It’s not just you and I trying to figure out those terms, either. Researchers themselves can’t even seem to agree: In some, “moderate” means less than a single drink per day, while in others, it means three to four drinks daily.

Then there’s the issue of drink size: In the U.S., a single drink usually refers to 12 ounces of beer, five ounces of wine, or 1.5 ounces of hard liquor. But in the age of microbrews, you’ll find a lot of variation among liquor content, making it nearly impossible to accurately measure across studies.

It’s also true that none of the studies I mentioned here made any distinction between different types of alcohol. Though what you drink doesn’t seem to be as important as how you drink. And by that, I don’t just mean how much you drink, overall.

For example, having seven drinks on a Saturday night and then not drinking the rest of the week isn’t at all the equivalent of having a single drink a day. If you want to have a meaningful impact on your heart health, you have to spread consumption out over time.

That said, there’s a huge difference in sugar content between popular drinks like beer, wine, champagne, margaritas, and whiskey sours—and a simple dry gin martini or vodka and club soda with a twist of lime.

Because while I’m not prepared to say that light or moderate drinking kills, you know my stance on sugar… that it most certainly does. So with that in mind, let me offer my own personal guidelines for responsible drinking—during the age of coronavirus, and beyond.

Five strategies for safer drinking

When it comes alcohol, I have five rules of thumb for maximizing the benefits, while minimizing its most serious risks:

1.) Stick with spirits. As I said, the dangers of alcohol may be up for debate—but the lethal effects of sugar are not. Clear alcohols and sugar-free mixers (like club soda) are best. Meanwhile, beer, wine, champagne, and any cocktail that uses juices, sugar-sweetened sodas, or simple syrups all deserve a hard pass in my book.

2.) Take your B vitamins. Alcohol depletes your body’s B vitamin supply, which also hampers your ability to detox naturally. This contributes to the buildup of dangerous acetaldehyde, and it’s one reason why a few too many drinks can leave you wincing the next morning.

Help keep your bases covered by taking B vitamins. I recommend a B100 complex, at the very least. You can also take 2,000 mcg of B12, 5 mg of folic acid, and 100 mg of B6 daily. (And remember to drink plenty of water to stay hydrated.)

3.) Call it quits after two. Even if your cocktails aren’t filled with sugar, your body still puts everything on hold to metabolize alcohol first. So stopping at two drinks is just plain good sense, which will help minimize metabolic and sleep disruptions. In other words, if you’re feeling “buzzed”, you’ve had more than enough.

4.) Engage in exercise. If you’re still worried about the health risks of drinking, you should know that research suggests that the effects appear to be largely reversible… simply with regular exercise (to the tune of about 35 minutes of brisk walking per day).

In fact, one study showed that subjects who drank moderately but also exercised had as much as a 20 percent lower risk of death compared to teetotalers.6 And since I always recommend regular movement, hopefully, regular exercise is something you’re already in the habit of doing—whether or not you’re indulging in alcohol.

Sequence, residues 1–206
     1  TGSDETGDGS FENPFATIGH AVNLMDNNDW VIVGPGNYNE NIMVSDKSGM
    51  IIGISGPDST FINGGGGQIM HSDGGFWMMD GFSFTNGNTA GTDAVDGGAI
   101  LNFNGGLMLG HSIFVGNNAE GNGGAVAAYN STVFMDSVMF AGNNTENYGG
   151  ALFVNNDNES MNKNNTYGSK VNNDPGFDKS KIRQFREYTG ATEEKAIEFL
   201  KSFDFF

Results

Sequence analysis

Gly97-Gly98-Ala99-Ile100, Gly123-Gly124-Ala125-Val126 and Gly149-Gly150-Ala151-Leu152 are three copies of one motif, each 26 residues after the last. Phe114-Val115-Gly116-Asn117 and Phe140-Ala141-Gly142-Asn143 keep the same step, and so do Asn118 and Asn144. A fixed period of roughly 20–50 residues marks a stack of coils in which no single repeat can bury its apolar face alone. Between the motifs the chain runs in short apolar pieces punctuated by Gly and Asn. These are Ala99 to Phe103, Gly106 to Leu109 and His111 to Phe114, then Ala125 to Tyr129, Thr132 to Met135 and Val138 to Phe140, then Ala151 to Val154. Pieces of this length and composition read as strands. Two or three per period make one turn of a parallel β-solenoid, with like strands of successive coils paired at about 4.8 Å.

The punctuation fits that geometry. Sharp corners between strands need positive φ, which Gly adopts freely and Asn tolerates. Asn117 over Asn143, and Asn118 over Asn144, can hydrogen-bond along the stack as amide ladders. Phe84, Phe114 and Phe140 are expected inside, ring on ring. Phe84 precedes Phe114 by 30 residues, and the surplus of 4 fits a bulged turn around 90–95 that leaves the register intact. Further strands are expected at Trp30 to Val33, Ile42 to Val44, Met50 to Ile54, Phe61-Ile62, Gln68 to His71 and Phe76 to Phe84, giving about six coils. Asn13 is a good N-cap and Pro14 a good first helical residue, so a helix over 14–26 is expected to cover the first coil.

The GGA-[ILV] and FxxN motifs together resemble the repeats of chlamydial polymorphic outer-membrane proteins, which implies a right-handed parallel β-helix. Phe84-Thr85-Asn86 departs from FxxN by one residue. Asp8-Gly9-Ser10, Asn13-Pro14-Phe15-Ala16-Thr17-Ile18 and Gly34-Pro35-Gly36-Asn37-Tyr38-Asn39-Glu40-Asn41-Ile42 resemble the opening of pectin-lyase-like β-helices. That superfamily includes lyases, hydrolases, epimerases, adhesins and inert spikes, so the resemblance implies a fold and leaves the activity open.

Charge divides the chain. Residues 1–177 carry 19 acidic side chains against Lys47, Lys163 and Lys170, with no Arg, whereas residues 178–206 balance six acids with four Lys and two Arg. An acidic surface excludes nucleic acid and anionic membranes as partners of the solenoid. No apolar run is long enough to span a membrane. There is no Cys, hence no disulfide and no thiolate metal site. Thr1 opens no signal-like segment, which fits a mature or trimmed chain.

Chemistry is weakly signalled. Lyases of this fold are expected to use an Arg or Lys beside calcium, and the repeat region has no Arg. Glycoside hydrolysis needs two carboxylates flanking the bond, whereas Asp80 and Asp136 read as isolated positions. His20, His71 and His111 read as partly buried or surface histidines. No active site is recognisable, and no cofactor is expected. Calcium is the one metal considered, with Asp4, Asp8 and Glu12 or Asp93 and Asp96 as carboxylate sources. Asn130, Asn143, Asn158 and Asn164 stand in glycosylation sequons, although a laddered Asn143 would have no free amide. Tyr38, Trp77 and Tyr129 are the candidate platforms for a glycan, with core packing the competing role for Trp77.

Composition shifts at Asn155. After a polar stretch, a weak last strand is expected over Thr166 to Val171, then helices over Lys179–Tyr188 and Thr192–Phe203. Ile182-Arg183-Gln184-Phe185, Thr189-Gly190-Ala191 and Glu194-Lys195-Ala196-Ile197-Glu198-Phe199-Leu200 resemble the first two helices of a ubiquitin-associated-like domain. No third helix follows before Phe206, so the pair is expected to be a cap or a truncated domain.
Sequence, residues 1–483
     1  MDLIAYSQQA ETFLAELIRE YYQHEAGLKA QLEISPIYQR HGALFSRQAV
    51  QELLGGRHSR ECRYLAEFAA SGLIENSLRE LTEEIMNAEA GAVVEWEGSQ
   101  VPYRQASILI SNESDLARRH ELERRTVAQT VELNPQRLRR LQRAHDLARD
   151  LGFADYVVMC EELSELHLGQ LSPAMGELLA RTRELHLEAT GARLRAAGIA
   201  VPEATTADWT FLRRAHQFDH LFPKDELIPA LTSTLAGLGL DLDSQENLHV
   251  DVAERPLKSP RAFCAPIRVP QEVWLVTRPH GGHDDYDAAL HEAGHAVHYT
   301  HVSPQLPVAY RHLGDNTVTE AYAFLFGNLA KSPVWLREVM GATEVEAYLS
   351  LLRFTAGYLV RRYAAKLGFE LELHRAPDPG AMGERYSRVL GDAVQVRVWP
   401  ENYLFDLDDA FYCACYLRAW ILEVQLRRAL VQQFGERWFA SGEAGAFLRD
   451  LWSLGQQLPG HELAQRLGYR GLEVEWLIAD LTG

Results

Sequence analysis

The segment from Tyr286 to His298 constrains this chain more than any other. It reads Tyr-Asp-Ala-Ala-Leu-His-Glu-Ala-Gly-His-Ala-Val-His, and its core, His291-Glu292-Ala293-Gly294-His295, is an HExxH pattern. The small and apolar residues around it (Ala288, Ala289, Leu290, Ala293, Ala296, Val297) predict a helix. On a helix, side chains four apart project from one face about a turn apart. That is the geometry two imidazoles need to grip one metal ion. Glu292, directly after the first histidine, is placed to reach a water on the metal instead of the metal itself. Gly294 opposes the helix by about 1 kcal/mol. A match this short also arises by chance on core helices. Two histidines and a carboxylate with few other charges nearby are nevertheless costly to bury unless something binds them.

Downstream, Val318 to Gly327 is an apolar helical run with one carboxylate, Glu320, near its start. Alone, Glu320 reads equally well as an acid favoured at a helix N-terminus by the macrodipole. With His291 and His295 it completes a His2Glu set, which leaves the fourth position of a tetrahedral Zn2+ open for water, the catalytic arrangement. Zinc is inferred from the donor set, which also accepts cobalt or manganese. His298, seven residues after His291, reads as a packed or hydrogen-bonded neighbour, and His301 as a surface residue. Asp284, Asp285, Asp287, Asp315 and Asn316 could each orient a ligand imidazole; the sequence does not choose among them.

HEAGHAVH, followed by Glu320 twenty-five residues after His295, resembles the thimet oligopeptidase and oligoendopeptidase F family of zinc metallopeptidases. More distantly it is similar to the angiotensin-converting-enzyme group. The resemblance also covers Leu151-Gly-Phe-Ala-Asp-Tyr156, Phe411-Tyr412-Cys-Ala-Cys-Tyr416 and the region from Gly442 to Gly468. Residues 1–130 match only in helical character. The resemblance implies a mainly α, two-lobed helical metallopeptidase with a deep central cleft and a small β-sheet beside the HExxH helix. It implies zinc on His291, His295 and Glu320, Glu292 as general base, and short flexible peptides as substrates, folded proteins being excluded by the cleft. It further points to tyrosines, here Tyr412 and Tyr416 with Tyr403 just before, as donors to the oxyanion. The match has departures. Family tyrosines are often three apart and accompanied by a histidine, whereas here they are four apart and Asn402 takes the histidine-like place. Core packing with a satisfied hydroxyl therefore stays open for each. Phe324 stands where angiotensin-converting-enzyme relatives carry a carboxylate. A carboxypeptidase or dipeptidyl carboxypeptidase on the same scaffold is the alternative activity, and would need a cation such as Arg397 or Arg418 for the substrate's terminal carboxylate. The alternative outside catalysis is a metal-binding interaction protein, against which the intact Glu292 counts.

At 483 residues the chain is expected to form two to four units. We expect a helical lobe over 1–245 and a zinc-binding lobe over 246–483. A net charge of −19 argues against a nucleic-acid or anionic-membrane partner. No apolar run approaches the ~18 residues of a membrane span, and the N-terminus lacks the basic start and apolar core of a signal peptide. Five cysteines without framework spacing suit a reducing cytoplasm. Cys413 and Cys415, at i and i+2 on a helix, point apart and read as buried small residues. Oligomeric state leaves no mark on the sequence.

5.) Build in some breaks. While I’m not suggesting that you abstain from alcohol completely, it is important to be mindful of your intake—not just to protect your health, but to protect your judgment, too.

In general, men should limit themselves to 210 milliliters of alcohol per week (no more than 40 mL at once). Women should stick to 140 mL per week (no more than 30 mL at once). Aim to get at least two alcohol-free days per week.

It’s no lie that we’re all struggling through a year of turmoil. And for some, alcohol helps escape pandemic perils. Perhaps it helps you to relax and fall asleep. Or maybe you use it as a way to remain social. No matter what, the bottom line is this…

It’s important to understand the adverse health risks associated with consistent overindulgence. But moderate (or light) alcohol consumption may offer protective benefits. In other words, use common sense when it comes to alcohol use and your health. And remember to be open and honest with your healthcare practitioner about your consumption habits, too.


  1. CapassoA, et al. “Increased alcohol use during the COVID-19 pandemic: The effect of mental health and age in a cross-sectional sample of social media users in the U.S. Preventive Medicine, 2021; 106422. 
  2. RumgayH, et al. Global burden of cancer in 2020 attributable to alcohol consumption: a population-based study.” Lancet Oncology, 2021 DOI: 10.1016/S1470-2045(21)00279-5 
  3. CsengeriD, et al. “Alcohol consumption, cardiac biomarkers, and risk of atrial fibrillation and adverse outcomes.” European Heart Journal, 2021; DOI: 10.1093/eurheartj/ehaa953 
  4. Goldberg IJ,et al.“Wine and your heart: a science advisory for healthcare professionals from the Nutrition Committee, Council on Epidemiology and Prevention, and Council on Cardiovascular Nursing of the American Heart Association.” Circulation. 2001 Jan 23;103(3):472-5. 
  5. Koppes LL,et al. “Moderate alcohol consumption lowers the risk of type 2 diabetes: a meta-analysis of prospective observational studies.” Diabetes Care. 2005 Mar 1;28(3):719-25. 
  6. Perreault K, et al. “Does physical activity moderate the association between alcohol drinking and all-cause, cancer and cardiovascular diseases mortality? A pooled analysis of eight British population cohorts.” Br J Sports Med. 2016 Aug 31